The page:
In previous novels, Flynn has recorded the spread of industry into low Earth orbit (LEO) and beyond. Indeed, the LEO Consortium can't grow fast enough to meet the demand and some sharp operators find a way to cheat.
Meanwhile, a space probe observing an asteroid is destroyed and the data indicates that the destruction resulted from a rocket flare. And then telescopic observations find that the asteroid has changed orbit and is on course toward Earth.
Falling Stars begins with a market crash following exposure of the LEO fraud and announcement of the incoming asteroid. The president reacts to the downturn by raiding the federal budget to bailout social security and raises interest rates. Stocks of the LEO Consortium and other space industries are hurt the most in the downturn and lines of credit are drying up. Businesses are failing and jobs are becoming scarce.
With the business panic, nobody is really concerned about the asteroid, except Mariesa van Huyten. Realizing that the six years to impact is a very short lead, Mariesa uses her money and influence to start laying an infrastructure to defend against the asteroid.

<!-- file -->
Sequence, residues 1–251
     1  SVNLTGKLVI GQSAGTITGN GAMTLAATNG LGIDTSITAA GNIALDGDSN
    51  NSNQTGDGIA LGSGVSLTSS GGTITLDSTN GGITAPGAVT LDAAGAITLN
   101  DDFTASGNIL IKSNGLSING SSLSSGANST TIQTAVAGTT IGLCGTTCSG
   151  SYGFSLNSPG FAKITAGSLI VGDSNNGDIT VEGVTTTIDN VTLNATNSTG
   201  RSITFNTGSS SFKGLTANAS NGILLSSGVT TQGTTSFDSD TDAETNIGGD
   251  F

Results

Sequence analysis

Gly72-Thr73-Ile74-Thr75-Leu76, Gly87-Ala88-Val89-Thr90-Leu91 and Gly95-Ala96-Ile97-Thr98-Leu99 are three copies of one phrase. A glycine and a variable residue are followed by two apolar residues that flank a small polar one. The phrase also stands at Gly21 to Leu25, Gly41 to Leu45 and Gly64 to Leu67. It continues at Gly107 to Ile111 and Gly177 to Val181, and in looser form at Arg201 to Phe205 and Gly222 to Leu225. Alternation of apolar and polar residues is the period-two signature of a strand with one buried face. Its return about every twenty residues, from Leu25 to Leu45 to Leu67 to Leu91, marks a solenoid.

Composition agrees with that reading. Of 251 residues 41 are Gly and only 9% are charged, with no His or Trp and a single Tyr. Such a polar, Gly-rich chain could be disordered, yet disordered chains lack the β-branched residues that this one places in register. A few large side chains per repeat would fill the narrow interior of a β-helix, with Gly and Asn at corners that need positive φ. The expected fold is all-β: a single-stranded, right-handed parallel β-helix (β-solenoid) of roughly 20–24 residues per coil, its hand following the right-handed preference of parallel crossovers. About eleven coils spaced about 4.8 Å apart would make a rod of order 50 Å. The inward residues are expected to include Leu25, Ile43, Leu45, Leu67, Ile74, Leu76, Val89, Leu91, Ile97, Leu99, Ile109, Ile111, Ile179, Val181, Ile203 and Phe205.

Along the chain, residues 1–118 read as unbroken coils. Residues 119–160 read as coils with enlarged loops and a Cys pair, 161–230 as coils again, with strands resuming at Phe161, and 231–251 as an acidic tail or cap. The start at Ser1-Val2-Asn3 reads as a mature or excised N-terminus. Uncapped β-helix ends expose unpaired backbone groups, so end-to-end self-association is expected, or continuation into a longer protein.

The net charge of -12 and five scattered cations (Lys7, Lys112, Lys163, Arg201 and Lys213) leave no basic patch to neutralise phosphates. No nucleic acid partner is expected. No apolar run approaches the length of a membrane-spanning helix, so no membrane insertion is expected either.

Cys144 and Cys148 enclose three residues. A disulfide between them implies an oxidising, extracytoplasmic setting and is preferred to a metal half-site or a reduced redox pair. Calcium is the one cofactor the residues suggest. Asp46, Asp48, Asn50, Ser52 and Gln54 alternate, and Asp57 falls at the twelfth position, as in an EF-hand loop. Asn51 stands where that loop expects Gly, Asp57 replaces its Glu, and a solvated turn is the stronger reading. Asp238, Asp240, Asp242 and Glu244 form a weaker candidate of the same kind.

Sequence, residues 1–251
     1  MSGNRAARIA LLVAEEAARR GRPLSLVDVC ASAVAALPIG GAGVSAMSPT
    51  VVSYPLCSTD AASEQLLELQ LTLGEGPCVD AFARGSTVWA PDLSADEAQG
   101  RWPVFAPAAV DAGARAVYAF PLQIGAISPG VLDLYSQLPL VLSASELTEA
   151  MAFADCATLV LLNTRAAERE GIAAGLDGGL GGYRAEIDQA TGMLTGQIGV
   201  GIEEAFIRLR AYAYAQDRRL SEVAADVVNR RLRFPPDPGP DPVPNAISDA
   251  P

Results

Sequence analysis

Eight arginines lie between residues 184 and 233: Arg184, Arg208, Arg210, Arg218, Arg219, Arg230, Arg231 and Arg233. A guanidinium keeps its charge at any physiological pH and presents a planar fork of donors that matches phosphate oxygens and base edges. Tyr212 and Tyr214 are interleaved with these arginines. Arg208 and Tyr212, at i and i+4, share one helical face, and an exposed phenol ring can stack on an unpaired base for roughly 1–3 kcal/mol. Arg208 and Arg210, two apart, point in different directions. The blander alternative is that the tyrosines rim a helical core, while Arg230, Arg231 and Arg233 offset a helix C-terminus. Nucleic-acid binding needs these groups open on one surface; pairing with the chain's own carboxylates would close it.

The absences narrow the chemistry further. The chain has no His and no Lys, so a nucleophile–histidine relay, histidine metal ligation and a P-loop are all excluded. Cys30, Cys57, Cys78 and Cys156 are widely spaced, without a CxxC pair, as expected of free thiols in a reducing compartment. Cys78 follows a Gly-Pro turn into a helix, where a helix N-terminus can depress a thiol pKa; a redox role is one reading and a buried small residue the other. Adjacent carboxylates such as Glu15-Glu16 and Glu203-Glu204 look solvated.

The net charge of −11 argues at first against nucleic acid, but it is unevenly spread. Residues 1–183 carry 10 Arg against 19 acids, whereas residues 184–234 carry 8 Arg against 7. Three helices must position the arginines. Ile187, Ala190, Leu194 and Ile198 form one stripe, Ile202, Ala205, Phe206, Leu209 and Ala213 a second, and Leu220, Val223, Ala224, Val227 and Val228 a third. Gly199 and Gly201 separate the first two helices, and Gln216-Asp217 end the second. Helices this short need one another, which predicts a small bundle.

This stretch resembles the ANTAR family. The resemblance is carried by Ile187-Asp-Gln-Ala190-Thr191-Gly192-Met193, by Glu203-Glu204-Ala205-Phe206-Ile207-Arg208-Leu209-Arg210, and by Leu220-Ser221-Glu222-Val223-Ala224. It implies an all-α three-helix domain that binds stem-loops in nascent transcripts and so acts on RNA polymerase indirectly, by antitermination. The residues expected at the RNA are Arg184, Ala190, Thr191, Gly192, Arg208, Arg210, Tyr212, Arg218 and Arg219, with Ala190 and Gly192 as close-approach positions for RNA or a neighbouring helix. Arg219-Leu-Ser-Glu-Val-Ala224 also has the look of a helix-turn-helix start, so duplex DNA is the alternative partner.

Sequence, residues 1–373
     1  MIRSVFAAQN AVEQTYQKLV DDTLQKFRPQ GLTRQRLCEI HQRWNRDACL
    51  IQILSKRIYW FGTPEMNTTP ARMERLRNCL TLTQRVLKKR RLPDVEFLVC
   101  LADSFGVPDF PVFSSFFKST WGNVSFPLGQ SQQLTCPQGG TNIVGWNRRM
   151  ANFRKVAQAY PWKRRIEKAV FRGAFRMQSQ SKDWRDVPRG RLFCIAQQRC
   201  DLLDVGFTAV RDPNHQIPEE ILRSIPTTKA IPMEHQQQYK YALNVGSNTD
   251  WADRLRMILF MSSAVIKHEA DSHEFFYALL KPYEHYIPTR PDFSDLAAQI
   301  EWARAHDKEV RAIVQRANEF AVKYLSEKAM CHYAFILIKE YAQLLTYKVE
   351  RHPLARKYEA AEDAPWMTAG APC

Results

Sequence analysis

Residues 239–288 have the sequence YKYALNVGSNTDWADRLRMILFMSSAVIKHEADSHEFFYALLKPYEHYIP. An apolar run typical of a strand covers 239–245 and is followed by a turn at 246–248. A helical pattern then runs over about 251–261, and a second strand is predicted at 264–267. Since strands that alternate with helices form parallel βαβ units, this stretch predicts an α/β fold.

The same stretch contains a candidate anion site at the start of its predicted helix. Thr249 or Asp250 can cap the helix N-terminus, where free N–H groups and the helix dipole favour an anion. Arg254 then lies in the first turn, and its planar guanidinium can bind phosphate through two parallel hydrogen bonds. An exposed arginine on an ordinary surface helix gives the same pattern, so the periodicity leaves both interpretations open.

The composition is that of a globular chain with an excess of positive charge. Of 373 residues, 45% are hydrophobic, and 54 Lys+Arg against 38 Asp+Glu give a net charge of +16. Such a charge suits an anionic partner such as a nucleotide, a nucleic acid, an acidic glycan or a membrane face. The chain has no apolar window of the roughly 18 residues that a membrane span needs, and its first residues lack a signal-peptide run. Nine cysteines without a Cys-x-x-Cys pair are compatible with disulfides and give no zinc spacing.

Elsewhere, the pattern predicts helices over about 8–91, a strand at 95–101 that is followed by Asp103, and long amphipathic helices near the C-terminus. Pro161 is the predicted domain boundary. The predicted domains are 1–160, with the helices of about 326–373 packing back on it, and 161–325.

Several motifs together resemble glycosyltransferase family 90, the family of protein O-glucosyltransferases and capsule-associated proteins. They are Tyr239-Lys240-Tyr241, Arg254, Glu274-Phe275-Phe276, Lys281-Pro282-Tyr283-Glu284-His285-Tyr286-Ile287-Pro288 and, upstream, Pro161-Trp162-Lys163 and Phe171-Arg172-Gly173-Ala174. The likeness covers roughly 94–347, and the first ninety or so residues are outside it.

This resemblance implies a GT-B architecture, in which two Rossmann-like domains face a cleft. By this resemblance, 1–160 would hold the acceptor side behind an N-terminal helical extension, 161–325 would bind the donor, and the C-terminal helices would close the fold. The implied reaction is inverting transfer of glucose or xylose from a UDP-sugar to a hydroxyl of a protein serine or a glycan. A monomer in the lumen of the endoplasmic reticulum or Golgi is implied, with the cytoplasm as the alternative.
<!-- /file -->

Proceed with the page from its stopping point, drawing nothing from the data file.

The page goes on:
This novel illustrates the weaknesses of both government and industry in sustaining the growth and viability of space development. As evidenced by the abrupt termination of the Apollo project, government funds are fickle and subject to the whims of the public and politicians.Read more ›
Maybe if the third book in this series had not marked time so badly, Flynn wouldn't have had to cram as much material into the fourth. And maybe he wouldn't have had to leave so many major plot elements (Most notably: Who Threw the Rocks and Why?) dangling. Just from the viewpoint of plot mechanics, "Falling Stars" is unsatisfying -- and that makes the whole series frustrating.
From a viewpoint of characterization, all the major characters dig down to the clockwork in their souls -- and somehow it's just not very interesting. Possibly that's because it's the male characters getting in touch with their inmost selves in "Falling Stars," where the women went through this process in the earlier books. Flynn has written some of the most unpleasant, manipulative, driven female characters I've read in years -- but they're capable of better than their clockworks would indicate and they're always interesting. The males, on the other hand, don't seem to get beyond overripe adolescence.
I'm glad I read the "Stars" series -- Flynn is hugely inventive and his style is pleasant -- but I doubt I'll ever feel drawn to re-read it.